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Chukat (Regulations) B’midbar(Numbers) 19:1-22:1

Torah Portion: Chukat (Regulations) B’midbar(Numbers) 19:1-22:1

Haftorah Reading Judges 11:1-33

 

This Torah portion is one of the more difficult portions to understand on several levels. The name, chukat, gives us a hint to its difficulty. The word, when used as it is here, can mean regulations. The root of the word means to engrave, as in stone or metal, something that is meant to endure. Chok, the singular form of the word always means something that, on the surface, seems to be illogical or impossible to grasp. In our portion we read where the people involved in preparing the ashes of the red heifer became unclean. However, when those ashes were applied to a person, who was unclean from being in contact with a dead body, that person became clean again. For an Israelite, being unclean by contact with death meant they were excluded from worshiping G-d in the Temple. That person could not come into the confines of the Temple until they were cleansed by the ashes of the red heifer.

 

Given that background, I want us to now look into the Messianic scriptures and see what the book of Hebrews says about the crucifixion, death and resurrection of the Messiah. Hopefully these verses will help us see a parallel between what happened to Yeshua and our Torah verses describing the preparations of the red heifer and the application of its ashes. In Hebrews 13:10-16 we read where Yeshua suffered outside the camp – the camp being the city of Jerusalem. He sanctified the people with His own blood. Both the cross, crucifixion and burial were outside the camp. Then, most importantly, we as His disciples are encouraged to also go outside the camp (verse13) in order to bear His reproach.

 

This book of Hebrews was most likely written just before Jerusalem fell to the Romans in 70 CE. Therefore, the Jewish believers were on the edge of giving up hope and becoming exiles or worse possibly facing death. The writer of these words was encouraging them to hold fast to their faith, even in the face of hardships that were coming. He was telling them and us that our faith can cause us to be outside the camp. We may have to suffer loss of friends, family and sometimes, even our life. When we go outside the camp for our faith we may be looked at as odd, out of step or radical. However, we must keep in our spirit how Yeshua suffered.

 

Even sometimes the words we hear from other believing friends may tell us we are going overboard in this whole faith thing. We may be told G-d loves us and wouldn’t ask us to take an unpopular stand. We are supposed to belong and fit in. That is not the message in these verses in Hebrews. These verses tell us our faith requires us to go outside the camp. It requires us to be an active participant in the camp as well. We are to promote peace, charity and love of all people. However, it does not call us to go against the Word of G-d. It does not call us to over-look sin. It does not call us to allow people to continue in their sin. We are to stand for the truth of G-d’s Word.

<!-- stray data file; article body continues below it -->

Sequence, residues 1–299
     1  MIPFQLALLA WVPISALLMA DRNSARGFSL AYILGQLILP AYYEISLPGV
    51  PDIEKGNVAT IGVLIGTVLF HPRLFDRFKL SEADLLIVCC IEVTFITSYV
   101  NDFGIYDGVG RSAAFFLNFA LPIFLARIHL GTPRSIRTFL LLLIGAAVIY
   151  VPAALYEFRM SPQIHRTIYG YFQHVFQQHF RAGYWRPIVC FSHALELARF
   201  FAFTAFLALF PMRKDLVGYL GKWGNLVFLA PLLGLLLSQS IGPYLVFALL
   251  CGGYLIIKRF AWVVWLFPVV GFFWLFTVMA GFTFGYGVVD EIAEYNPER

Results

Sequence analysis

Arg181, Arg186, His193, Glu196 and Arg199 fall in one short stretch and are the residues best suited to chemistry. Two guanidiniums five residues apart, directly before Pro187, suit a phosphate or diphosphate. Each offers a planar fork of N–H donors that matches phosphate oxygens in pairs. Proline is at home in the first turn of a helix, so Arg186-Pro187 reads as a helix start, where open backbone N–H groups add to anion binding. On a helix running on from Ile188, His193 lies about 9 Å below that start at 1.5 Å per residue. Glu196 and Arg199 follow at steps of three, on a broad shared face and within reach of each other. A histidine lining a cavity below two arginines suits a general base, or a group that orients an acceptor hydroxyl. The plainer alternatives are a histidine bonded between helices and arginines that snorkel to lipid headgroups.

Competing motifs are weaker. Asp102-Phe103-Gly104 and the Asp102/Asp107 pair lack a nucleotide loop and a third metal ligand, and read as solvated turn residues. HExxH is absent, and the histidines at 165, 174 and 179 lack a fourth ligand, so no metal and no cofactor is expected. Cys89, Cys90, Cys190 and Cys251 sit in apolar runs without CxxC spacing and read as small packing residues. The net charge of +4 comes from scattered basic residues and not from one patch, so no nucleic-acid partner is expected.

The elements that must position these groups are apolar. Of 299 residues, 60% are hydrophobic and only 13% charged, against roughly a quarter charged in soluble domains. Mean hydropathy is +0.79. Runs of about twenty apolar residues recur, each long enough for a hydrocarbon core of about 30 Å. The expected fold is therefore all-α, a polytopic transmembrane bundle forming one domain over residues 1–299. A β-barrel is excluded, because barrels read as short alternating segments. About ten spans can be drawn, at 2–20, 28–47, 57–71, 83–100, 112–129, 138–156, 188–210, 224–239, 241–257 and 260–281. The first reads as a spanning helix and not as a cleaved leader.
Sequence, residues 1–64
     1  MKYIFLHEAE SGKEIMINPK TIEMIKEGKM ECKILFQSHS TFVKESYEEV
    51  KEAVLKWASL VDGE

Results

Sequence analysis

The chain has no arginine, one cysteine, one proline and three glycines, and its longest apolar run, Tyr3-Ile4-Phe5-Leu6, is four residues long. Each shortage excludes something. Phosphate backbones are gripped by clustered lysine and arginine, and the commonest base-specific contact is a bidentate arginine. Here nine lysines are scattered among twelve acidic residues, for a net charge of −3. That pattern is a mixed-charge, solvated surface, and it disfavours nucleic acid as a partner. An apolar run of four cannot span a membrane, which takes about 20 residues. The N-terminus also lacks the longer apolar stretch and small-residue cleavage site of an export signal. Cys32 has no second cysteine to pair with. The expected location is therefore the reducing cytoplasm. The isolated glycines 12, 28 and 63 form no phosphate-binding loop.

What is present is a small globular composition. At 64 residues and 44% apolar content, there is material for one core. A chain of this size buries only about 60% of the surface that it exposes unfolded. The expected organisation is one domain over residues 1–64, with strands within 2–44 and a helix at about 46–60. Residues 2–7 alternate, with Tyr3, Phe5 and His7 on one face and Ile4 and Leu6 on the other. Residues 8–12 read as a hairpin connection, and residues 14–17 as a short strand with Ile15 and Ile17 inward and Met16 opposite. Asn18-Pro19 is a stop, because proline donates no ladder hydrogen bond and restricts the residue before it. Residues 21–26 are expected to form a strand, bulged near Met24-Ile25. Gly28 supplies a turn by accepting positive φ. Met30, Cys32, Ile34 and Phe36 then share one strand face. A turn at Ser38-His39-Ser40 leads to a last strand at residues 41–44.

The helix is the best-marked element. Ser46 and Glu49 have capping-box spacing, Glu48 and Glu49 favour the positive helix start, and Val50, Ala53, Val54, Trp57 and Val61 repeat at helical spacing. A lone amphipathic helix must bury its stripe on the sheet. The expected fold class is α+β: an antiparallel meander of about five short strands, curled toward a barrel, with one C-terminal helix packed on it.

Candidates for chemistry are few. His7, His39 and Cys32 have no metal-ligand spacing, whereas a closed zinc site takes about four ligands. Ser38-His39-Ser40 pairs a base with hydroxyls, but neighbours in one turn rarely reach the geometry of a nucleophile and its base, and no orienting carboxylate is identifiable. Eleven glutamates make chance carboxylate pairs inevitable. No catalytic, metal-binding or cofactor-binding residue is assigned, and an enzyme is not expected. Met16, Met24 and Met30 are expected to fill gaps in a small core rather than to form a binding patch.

G-d calls us to stand on truth, not on feelings or what the latest trend is telling us. Faith costs us everything. We are changed because we have made that step outside the camp. We are still to love the sinner but we are never to love them at the cost of our faith, such as allowing sin to continue in our midst.

 

We are to be united in faith (John 13:35) We see an example of this in our reading today. In B’Midbar/Numbers 20:1 we read the phrase, “the whole congregation.” In Hebrew, this is a phrase that indicates the people of Israel were now united in a single purpose. Most of the people who came out of Egypt had died and a new generation had come to the front. No longer do we see the mention of tribal lineage to any great extent. Here the people are all united in one task. That task was to enter the Land. 

 

Now, in our reading we can see that has its benefits but it also can have problems. We can read this single view blinded them to the dangers of bad decisions such as complaining they had not food or water. We as believers are all called to be united, but even in that unity, we must stand for truth. Here their single mindedness blinded them and we can read the result. We are to be unified as the body of Messiah but not at the cost of truth.